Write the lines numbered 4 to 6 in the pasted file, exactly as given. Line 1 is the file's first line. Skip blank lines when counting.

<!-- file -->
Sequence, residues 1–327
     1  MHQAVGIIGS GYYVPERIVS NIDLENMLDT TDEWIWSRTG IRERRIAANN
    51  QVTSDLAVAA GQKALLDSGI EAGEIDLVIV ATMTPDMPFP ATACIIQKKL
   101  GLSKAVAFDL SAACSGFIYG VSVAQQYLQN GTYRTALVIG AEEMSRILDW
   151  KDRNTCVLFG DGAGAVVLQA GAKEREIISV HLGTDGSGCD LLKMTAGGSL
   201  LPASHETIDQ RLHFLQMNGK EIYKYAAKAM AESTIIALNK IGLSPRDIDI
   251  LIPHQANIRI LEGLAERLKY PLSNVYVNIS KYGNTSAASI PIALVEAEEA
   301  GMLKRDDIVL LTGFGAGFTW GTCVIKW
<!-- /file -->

   101  GLSKAVAFDL SAACSGFIYG VSVAQQYLQN GTYRTALVIG AEEMSRILDW
   151  KDRNTCVLFG DGAGAVVLQA GAKEREIISV HLGTDGSGCD LLKMTAGGSL
   201  LPASHETIDQ RLHFLQMNGK EIYKYAAKAM AESTIIALNK IGLSPRDIDI